Art has been actively happening for twenty-six years in a small, private studio located in a quiet residential neighborhood intimately situated amongst trees and close neighbors. Cats abound amidst spring and summer herbs and vegetables, backyard structures to construct or dismantle and holes to dig or fill-in.
Although easily accessible along major marin county thoroughfares, the studio is not a store-front open to public walk-in traffic. It is available only by personal arrangement and by clear agreement with Judy as to the nature of commitment and the specific design and duration of the classes.
As example, mixed-media classes typically attract small groups of children; drawing and painting techniques interest groups of teenagers or adults. Private or semi-private classes in pottery or painting and drawing are independently scheduled, taking into account teenagers' complex homework and social lives and adults' more intense and less flexible family and work responsibilities.
Atypically, one-day or unusual one-time gatherings include birthday parties, school field trips, quality creative time for family or friends, and opportunities for communities to design and produce artwork destined as fundraisers, for example, as school auction items.
The studio atmosphere reflects the energy of the participants. Although usually congenial and relaxed, children often bring their bouncy enthusiasm. Extreme volume and turbulence may result in time-out-banishment to the 'construction zone' with a hand-full of nails … always accompanied with a great shout of 'hooray'.
The space itself is like a well-stocked, colorful kitchen. It is filled with all kinds of interesting art stuff to manipulate … or, spill or splatter as these things go … in tune as the spirit moves.
Artists three-and-a-half through ninety-three-and-a-half are welcome to make art happen.
Typically, classes and one-week workshops are comprised of elementary-aged children from a variety of southern marin county public, private and parochial schools as well as home school communities. On occasion, families from other the Bay Area counties will venture across a bridge.
Most often, the teenagers and adults with interest in a particular medium or technique are local residents. From time to time, an out of town artist or family will schedule an intensive creative vacation.
Children requiring particular developmental attention are often recommended by a family or occupational therapist or a concerned school counselor or classroom teacher. Judy's top priority is to apply her fine-tuned experience in harmony with families in the children's best interest.
Teenagers who have made art happen during their elementary years return to compile appropriate portfolios in support of applications for admission to independent secondary schools, art schools or colleges. Judy's personal recommendations often accompany the applications.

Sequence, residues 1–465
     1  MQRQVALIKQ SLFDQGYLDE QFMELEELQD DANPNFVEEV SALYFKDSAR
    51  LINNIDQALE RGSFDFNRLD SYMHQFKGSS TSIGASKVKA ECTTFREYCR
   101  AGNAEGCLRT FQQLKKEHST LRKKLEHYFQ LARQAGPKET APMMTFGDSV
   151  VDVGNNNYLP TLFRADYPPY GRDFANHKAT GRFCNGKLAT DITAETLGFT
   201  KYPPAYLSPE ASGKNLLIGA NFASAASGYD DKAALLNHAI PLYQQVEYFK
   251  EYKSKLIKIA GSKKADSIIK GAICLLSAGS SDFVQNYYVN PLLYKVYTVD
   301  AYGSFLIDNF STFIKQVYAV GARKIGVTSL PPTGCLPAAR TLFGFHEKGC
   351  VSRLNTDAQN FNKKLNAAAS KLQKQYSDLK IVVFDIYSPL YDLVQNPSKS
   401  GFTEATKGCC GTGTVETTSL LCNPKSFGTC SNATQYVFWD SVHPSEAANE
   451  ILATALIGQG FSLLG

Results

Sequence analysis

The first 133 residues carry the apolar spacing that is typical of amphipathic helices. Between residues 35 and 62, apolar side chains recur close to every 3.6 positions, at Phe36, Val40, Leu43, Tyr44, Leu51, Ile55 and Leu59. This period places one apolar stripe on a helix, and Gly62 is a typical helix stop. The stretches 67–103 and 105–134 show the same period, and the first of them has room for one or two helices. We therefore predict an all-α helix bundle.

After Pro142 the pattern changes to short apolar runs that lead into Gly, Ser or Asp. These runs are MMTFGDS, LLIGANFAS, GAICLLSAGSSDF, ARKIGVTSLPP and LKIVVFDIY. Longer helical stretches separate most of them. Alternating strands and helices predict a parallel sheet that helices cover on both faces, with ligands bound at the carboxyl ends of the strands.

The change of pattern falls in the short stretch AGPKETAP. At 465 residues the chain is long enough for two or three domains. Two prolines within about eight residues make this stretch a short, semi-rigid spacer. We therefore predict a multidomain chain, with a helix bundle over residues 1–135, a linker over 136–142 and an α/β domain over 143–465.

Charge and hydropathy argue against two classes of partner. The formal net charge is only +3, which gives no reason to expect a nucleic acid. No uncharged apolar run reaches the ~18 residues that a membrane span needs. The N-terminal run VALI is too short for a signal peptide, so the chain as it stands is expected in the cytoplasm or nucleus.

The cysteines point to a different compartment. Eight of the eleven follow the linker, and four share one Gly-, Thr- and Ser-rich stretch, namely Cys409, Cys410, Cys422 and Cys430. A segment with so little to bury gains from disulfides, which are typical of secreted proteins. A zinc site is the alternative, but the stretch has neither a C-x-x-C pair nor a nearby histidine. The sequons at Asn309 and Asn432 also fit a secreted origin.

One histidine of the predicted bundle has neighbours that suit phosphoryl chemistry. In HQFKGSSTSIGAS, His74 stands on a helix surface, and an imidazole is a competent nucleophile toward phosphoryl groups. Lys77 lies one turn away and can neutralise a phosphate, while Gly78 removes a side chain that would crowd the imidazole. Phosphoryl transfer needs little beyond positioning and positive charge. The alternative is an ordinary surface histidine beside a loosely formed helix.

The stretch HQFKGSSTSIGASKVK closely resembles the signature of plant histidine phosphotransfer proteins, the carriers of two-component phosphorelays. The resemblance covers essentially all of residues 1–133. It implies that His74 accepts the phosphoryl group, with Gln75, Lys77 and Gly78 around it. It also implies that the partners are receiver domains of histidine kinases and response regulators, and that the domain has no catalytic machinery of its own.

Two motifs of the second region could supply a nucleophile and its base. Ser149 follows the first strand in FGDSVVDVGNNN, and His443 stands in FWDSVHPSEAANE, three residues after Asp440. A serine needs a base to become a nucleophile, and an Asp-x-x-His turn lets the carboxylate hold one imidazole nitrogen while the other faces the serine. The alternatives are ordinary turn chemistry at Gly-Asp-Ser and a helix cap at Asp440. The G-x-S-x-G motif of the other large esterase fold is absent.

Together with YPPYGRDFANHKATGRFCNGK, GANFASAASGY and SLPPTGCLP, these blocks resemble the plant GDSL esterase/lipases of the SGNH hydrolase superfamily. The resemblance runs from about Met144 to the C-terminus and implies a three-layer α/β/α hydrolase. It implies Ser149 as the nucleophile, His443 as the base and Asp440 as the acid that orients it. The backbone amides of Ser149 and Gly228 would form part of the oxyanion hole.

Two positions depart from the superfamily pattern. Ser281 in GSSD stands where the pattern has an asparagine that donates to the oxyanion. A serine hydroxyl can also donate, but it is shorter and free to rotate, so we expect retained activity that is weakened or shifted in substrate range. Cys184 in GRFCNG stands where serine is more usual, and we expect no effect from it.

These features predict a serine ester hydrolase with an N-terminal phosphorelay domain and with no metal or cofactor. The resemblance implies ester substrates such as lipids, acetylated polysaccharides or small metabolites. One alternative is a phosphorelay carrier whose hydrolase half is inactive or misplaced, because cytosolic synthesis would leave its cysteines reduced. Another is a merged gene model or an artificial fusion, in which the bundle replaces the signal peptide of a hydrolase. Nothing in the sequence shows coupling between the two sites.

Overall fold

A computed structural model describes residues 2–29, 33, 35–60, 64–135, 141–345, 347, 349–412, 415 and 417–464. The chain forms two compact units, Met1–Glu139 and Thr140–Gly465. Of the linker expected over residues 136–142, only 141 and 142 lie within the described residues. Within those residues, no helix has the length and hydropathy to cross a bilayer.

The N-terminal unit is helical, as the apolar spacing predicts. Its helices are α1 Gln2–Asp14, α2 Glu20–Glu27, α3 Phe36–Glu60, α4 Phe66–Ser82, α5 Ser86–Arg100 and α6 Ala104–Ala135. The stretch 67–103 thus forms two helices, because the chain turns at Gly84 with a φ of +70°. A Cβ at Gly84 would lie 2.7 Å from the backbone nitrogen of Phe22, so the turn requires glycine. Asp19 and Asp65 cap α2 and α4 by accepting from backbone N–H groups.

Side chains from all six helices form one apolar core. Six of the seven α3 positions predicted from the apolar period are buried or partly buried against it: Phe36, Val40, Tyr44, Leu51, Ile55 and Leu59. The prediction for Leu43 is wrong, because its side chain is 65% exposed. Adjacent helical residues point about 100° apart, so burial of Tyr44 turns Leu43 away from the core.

Multi-generational family groups find sublime time to share quiet, quality activity. A grandparent and a grandchild working together is priceless.
Basically, regardless of age and skill level, all artists who find this studio have in common the desire to make art happen.
With a particular strength in clay work, all media are fair game in the mixed-media children's classes. No medium other than clay repeats during the school year. Direction is given regarding the most effective way to handle different materials for example, how a brush is held and handled and not like a pen; how oil pastels smudge differently than do soft pastels; how India ink is not like commercial markers; or, which kind of papers prefer to be wet rather than dry.
In the same fashion, the concept underlying each session changes and is not repeated during a school year. Children who attend one six-week session emerge with a complete body of creative work in a variety of media. Those who attend during an entire school year tend to demonstrate a maturing facility in addition to their substantial body of work.
Although an idea or concept is pre-determined for each session (either by Judy or by the popular demand of returning artists), no attempt is made to augment or edit the resultant artwork to satisfy adult expectations. The children's work is the children's work, the imagery their imagery, their creative solutions their solutions.
In contrast, along with focus on concepts and techniques, the ABC's of visual art, formal information in two and three-dimensional design, is given to strengthen teenage and adult capacities. Within those parameters, the resultant artwork is strictly that of the artist. No attempt is made to replicate historically recognized artwork or to bow to the instructor's personal taste.